As the snows deepen here in the Northern Rockies and the West in general, a popular watercooler discussion focuses on children.
Not just any thumbsuckers, mind you: El Nino and his sibling, La NiÃ±a.
Depending on your predilection, those two weather conditions are alternately denigrated or celebrated for their impact on regional weather. The National Weather Service defines La Nina as “a periodic cooling of surface ocean waters in the eastern tropical Pacific along with a shift in convection in the western Pacific further west than the climatological average.”
Got all that? What it can mean, depending on your location, is a heckuva good snow season, or a lame one. But there’s still a question out there as to whether or not we’re experiencing a La NiÃ±a winter.
I realize just now that the skiing in parts of the Southwest is rotten. This, too, many feel, is the result of La NiÃ±a.
So is such blame-mongering accurate? The debate rages.
In the Oregonian, reporters pitted meteorologists against one another (what do they do? throw laser-pointers at each other?) in a debate over the question.
Here in Idaho, cooler heads prevail. Paul Flatt, meteorologist for the National Weather Service, told New West today that it’s a little of both.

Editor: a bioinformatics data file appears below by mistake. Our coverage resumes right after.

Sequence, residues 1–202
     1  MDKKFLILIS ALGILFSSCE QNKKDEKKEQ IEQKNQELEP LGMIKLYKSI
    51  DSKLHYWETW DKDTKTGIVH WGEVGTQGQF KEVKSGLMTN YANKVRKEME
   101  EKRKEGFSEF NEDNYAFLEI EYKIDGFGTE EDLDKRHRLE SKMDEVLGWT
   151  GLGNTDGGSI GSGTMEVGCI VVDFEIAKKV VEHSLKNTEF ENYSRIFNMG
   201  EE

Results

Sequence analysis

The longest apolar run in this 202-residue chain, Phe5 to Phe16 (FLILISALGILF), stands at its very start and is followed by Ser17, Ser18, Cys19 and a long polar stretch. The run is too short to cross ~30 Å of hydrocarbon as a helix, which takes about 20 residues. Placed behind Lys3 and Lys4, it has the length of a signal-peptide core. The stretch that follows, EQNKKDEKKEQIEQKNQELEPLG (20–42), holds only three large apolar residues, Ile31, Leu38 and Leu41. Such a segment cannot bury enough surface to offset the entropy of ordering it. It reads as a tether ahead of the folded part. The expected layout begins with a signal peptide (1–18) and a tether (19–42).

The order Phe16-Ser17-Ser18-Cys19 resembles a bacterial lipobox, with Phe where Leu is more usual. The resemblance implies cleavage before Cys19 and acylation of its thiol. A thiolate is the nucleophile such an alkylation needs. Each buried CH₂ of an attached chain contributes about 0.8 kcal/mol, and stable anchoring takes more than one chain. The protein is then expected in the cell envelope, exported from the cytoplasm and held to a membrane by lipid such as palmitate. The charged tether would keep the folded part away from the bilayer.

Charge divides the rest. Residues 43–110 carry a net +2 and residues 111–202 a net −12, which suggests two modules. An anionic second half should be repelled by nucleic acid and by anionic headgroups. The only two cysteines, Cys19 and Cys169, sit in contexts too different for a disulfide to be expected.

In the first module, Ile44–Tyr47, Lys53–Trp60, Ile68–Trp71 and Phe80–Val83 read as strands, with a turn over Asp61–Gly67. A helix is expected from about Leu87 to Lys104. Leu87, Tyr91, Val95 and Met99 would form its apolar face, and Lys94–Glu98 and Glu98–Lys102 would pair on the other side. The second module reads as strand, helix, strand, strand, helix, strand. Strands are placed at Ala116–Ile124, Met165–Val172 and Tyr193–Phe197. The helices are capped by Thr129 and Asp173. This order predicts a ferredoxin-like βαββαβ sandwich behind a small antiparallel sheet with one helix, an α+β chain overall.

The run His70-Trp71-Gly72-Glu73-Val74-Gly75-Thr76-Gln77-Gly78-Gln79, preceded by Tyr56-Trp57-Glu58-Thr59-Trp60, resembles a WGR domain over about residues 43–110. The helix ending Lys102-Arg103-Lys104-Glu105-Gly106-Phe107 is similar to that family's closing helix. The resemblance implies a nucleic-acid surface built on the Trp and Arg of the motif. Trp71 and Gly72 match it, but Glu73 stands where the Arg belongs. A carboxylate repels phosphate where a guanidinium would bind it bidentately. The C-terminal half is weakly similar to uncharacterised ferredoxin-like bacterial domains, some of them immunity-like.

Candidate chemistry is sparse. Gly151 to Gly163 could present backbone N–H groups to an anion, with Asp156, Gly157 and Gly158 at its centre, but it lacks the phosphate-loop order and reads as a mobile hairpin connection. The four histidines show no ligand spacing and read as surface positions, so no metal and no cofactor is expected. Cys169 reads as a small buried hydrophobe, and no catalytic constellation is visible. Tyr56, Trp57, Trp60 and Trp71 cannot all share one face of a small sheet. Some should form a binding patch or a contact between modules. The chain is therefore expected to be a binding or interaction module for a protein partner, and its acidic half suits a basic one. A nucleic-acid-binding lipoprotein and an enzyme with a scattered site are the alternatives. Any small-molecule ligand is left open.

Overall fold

“There’s no definitive answer yes or no,” Flatt said. “The consensus is, the way La NiÃ±a is developing, the heavy snow in December wasn’t from a La NiÃ±a.”
But, according to climatologists at the national level, Flatt said we might start looking at January and February with the little child in mind.
“From here forward, they feel the precipitation we’re getting now is impacted slightly by La NiÃ±a,” Flatt said.
Let’s allow some emphasis on that phrase “impacted slightly.” Flatt is wary even now of laying any blame or credit for the snow we have at the foot of La NiÃ±a.
“There is no definitive proof,” Flatt said.
Blame who you want. The snow is great in the Northern Rockies today, and looks to be that way the rest of the week.